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During periods of “low visibility,” confusion reigns: for every indication of one trend, there seems to be a countertrend. The key is to glean from the collective wisdom of reliable leading indicators a clear signal that the economy is headed for a turn.

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Recovery is Here


LOU DOBBS: Lakshman Achuthan, regular MONEYLINE guest is here, to reinforce his view that the recovery is real.

LAKSHMAN ACHUTHAN, ECONOMIC CYCLE RESEARCH INSTITUTE: Yes.

DOBBS: That recovery is here.

ACHUTHAN: Recovery is here, and the reason that I can say that is because within the group of economists, there's this small set called business cycle economists, and we forecast...

DOBBS: The elite.

ACHUTHAN: ... recessions and recoveries.

DOBBS: The elite.

ACHUTHAN: Well, we focus on turning points, and we tend to get those right. And, we got the recession right.

DOBBS: Absolutely.

ACHUTHAN: And we're getting the recovery right with a mirror image of what the indicators are doing. They're rising in a pronounced, pervasive, and persistent way. The timing of this recovery -

DOBBS: I want to hear that again, pervasive, persistent?

ACHUTHAN: And pronounced.

DOBBS: And pronounced.

ACHUTHAN: Repeats.

DOBBS: I like that.

ACHUTHAN: All right. And it's going to be in the first quarter. The recession will end sometime in this first quarter. I would agree with the tone of the chairman's discussions, where there's concern about the strength of the recovery. It could be challenged.

DOBBS: In other words, a double dip?

ACHUTHAN: I wouldn't go that far. I would say that a double dip...

DOBBS: You're more cautious than Alan Greenspan?

ACHUTHAN: Oh, no. I'm probably more optimistic in that sense, that we're not going to have a return to negative growth.

DOBBS: Right.

ACHUTHAN: It will be a gentle recovery, but I don't see a return to negative growth after the rebound begins.

DOBBS: Unemployment, you just heard Glenn Hubbard, the President's Chief Economist say that he believed that we were right at the top in terms of the unemployment problem, in terms of the rate. Do you agree?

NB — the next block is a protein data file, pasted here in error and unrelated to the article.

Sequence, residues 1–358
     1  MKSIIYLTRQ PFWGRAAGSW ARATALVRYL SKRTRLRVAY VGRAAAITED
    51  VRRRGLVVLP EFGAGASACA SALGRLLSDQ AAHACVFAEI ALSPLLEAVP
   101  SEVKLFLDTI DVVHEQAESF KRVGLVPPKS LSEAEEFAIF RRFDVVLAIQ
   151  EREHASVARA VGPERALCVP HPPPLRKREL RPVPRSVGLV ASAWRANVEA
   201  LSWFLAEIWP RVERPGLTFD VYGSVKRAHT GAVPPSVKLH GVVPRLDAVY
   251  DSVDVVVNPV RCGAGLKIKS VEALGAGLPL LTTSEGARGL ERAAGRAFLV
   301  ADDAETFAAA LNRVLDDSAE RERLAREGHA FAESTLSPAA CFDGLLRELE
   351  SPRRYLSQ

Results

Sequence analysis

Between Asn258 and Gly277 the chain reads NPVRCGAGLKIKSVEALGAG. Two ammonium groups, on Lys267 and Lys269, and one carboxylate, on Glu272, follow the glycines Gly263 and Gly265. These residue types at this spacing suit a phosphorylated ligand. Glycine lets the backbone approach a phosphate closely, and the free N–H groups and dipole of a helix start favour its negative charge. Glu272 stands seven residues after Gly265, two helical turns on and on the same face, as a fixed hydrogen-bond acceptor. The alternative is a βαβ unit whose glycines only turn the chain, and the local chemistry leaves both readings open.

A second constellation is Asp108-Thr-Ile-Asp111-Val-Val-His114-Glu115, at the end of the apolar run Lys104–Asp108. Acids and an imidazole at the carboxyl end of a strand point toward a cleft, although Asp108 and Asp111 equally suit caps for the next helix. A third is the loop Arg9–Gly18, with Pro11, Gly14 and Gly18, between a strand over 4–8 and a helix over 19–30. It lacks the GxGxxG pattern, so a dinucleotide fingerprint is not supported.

ACHUTHAN: Probably optimistic there. Those - the unemployment rate tends to rise, even though the recovery begins, and the gentler the recovery, the softer the slope of the recovery, the more it's likely to rise. And this is probably...

DOBBS: Do we need economic stimulus?

ACHUTHAN: You probably need some sensitivity to the unemployment problem. I think workers are still going to be under pressure.

DOBBS: And that is precisely Glenn Hubbard's point is, as you I think heard him say. And in terms of the rest of the year, what can we expect in the way of growth since we have now moved to recovery? Are we talking about a quick run to five percent?

ACHUTHAN: No, decidedly not. This is not a V-shaped recovery. Japan and Germany, the second and third largest economies in the world are in recession, so our international trade side is not going to help us very much. It's a homegrown recovery.

Businesses, business profits still under pressure, so they're not eager to spend too much right now. A lot of it has fallen on the backs of the consumer, with the help of lower interest rates.

DOBBS: Is the consumer going to be able to stay in this economy. He and she have been taxed in terms of debt. They have been taxed in terms of staying power throughout this recession.

ACHUTHAN: I think they stay in here. That's why we have the recovery. But I don't think they can step it up in a surprising fashion here.

DOBBS: So you don't want to give me a growth rate for 2002?

ACHUTHAN: It will be - when we look back, it will be a gentle year, a gentle recovery.

DOBBS: That's a non-numeric response.

ACHUTHAN: I know.

DOBBS: I appreciate it. Thanks.

ACHUTHAN: OK, thank you.
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